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Climate Compromise, Not Capitulation

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The Founding Fathers consciously designed the U.S. Senate to slow down hasty action and to defend the rights of the poorer, less populated states.

Over time, the Senate evolved into the chamber that forged the necessary compromises to keep the union intact.

Even today, Senator Henry Clay, dubbed the "Great Compromiser," is revered for authoring the Missouri Compromise and the much later Compromise of 1850. Clay kept the South from seceding, mostly by finding ways to halt change. His compromises also kept slavery legal in the South and in some newly formed states.

In the end, of course, a bloody Civil War proved inevitable, as did the end of slavery. Some issues do not lend themselves to perpetual compromise. Sometimes fundamental change is necessary.

These thoughts sprang to mind over the weekend as Senator Lindsey Graham threatened to walk away from the climate legislation he had fashioned over many months with Senators John Kerry and Joe Lieberman. This was of some import because Senator Graham was the only Republican senator to favor the legislation. His endorsement was needed to provide the magic label, "a bipartisan compromise." But, of course, it isn't one. If Graham stays on the sidelines, the bill is dead.

Although few of my friends and colleagues in the national environmental community are prepared to acknowledge it yet, this is incredibly good news. (In politics, wild overreaching by your opponent almost always is.)

In recent weeks, the rich assortment of tax incentives, federal guarantees and loans, and pure pork in the Kerry-Graham-Lieberman bill had begun to tempt so much of corporate America to the trough that they might have whipped the reluctant Republicans into passing it. It would actually have made things worse.

It would have eliminated the regulatory backstop the EPA can exercise under existing law.

It would have eliminated the ability of states, cities and regions to continue to experiment with the innovative programs that to date have been the source of all climate progress in the United States.

It would have permitted a tradeable derivatives market vastly more complicated than the mortgage scams that nearly brought down western civilization two years ago.

Worse, it would have transferred vast federal wealth to companies that -- like the American South in 1850 -- have a vested interest in ensuring change does not happen.

Senator Graham's snit provides an opportunity to actually launch a transition to a new era of green, climate neutral prosperity. Although from the popular press coverage one would never know it, there is another bipartisan climate bill in the US Senate. Drafted by two women, Senators Maria Cantwell and Susan Collins, it could be a winner.

The Cantwell-Collins bill is not unflawed but has the basic structure right. It caps carbon "upstream" at the 2,000 places--ports, pipelines, mine mouths, etc. -- where it enters the economy. It auctions carbon permits each year up to the limits of the cap -- so, unlike with KGL, we will know precisely how much carbon will be emitted to the atmosphere each year from all fossil fuels.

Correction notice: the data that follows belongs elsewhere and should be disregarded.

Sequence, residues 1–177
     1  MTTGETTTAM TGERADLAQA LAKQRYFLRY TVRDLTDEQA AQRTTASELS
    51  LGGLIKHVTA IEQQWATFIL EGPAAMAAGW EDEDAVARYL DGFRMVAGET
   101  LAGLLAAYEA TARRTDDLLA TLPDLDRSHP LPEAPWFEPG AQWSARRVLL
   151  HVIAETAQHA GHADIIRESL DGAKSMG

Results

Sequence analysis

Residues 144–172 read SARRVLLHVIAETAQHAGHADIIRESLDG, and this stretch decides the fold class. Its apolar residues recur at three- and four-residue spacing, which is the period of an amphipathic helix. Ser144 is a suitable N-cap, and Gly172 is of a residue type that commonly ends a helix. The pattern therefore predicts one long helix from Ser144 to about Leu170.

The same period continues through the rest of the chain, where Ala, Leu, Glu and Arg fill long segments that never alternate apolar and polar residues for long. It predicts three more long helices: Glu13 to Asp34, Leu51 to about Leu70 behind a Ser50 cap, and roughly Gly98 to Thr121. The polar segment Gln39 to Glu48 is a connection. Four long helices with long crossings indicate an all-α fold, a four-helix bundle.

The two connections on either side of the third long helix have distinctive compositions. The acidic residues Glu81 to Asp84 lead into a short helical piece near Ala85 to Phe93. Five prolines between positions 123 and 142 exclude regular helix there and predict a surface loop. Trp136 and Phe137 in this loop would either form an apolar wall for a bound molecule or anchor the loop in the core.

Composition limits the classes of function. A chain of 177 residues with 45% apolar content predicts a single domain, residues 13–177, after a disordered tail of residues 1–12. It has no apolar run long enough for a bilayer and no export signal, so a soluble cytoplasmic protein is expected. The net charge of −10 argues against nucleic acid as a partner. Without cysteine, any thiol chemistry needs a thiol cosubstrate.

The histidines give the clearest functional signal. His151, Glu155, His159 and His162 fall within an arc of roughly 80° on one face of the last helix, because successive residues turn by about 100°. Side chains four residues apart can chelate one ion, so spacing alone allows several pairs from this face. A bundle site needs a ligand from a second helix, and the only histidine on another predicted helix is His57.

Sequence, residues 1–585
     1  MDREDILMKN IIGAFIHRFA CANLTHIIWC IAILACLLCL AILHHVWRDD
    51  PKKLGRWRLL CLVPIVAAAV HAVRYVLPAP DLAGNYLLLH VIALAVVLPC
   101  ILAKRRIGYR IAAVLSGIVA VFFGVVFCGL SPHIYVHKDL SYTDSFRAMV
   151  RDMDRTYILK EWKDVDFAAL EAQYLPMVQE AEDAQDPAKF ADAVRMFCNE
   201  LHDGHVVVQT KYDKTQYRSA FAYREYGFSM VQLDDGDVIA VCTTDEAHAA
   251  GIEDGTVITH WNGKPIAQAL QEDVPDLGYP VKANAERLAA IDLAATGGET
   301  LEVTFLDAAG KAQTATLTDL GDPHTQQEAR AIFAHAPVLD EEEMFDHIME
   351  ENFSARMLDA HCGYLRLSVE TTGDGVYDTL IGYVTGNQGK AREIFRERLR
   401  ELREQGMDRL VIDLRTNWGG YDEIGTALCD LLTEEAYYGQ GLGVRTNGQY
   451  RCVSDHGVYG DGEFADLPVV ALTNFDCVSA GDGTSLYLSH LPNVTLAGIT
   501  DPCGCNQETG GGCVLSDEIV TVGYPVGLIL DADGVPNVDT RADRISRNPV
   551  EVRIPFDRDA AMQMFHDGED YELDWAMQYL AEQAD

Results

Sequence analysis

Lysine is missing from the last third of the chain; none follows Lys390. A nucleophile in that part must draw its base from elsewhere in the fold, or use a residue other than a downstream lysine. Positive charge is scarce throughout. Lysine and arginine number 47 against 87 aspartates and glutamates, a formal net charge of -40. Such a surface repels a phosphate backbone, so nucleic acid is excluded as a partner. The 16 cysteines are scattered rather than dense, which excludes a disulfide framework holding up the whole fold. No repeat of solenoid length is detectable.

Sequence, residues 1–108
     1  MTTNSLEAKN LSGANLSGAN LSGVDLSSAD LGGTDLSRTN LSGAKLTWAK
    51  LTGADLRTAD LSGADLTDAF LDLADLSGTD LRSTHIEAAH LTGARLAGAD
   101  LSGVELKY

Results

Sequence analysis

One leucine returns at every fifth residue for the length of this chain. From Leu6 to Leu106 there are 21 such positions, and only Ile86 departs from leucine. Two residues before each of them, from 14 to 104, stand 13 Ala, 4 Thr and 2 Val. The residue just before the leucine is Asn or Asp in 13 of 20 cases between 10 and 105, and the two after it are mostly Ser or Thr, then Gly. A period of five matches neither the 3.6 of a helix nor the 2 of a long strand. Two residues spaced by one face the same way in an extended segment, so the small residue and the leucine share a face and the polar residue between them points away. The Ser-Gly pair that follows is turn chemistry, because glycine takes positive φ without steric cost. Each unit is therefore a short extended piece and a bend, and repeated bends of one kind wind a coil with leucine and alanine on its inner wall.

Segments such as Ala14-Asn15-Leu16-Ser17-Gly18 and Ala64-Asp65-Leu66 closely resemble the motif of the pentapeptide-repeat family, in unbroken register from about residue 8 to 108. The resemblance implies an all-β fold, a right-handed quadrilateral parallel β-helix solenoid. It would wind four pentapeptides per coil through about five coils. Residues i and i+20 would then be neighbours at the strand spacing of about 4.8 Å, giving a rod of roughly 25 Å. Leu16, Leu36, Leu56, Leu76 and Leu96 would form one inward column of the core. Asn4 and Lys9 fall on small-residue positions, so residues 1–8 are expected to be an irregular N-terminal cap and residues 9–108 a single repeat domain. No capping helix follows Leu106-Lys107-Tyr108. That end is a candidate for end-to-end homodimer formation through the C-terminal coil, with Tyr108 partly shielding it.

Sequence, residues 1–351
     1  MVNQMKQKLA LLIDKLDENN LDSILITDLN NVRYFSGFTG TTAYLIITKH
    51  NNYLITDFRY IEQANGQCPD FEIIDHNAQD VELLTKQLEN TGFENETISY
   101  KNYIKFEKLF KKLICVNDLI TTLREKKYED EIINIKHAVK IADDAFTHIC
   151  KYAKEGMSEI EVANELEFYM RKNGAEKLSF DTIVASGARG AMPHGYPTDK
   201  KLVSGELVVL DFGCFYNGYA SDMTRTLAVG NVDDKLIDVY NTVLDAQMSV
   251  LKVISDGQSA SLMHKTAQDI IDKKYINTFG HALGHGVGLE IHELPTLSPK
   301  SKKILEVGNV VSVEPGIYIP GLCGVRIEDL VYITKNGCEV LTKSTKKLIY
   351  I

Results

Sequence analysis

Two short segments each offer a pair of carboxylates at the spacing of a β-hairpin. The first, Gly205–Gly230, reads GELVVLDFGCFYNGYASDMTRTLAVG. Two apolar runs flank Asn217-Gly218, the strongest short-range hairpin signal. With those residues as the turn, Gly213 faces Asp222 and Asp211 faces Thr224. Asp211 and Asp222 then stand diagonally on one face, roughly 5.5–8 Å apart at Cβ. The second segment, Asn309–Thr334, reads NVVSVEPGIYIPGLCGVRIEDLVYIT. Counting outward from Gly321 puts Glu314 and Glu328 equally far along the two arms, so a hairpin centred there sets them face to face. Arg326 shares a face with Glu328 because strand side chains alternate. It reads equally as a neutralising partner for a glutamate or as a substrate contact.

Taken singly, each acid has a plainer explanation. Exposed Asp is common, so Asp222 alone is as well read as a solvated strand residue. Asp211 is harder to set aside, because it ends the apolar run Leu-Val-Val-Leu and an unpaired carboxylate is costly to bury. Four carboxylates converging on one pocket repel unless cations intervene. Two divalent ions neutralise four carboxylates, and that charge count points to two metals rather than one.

Cantwell-Collins returns 75 percent of the revenue collected to the public on a pro rata basis. Because the rich spend more (directly and indirectly) on energy than the poor, more than 80 percent of the public will be made richer by this progressive revenue measure.

All the money will be returned to taxpayers and invested in technologies designed to reduce carbon -- not to enrich coal companies and oil companies and pay for their lobbyists.

Finally, it prohibits the derivative trading that, under KGL, threatens to turn the nation's energy system into a giant lottery.

The major national environmental organizations, which climbed into bed prematurely with the so-called cap-and-trade approach that has failed so miserably in Europe, have stuck resolutely to Kerry-Graham-Lieberman as the only vehicle that might pass. They have compromised and compromised and compromised, one small slice at a time, until they didn't recognize when they capitulated. Kerry-Graham-Lieberman is now more popular with the Edison Electric Institute than with grassroots environmentalists.

A billion-dollar push for clear might have produced an energy revolution. (America didn't lead the information revolution by trying to placate the interests of IBM, Control Data, and AT&T, but that's what Kerry-Graham-Lieberman does for the National Coal Association, the American Petroleum Institute, and EEI.)

Let's not let ourselves get compromised into capitulation by 2,000 pages of KGL loopholes. Cantwell-Collins is 39 pages long and is a lobbyist's nightmare: anyone can understand it. This is one of those Civil War moments, except the future of the planet--not just the Union--is at stake. What we need is not Henry Clay but Abraham Lincoln.

This time, Honest Abe has arrived in the form of two brave women. Those of us outside the Beltway must put a massive effort into electing a Congress that will support them.

Denis Hayes, national coordinator of Earth Day in 1970, is an environmental activist.

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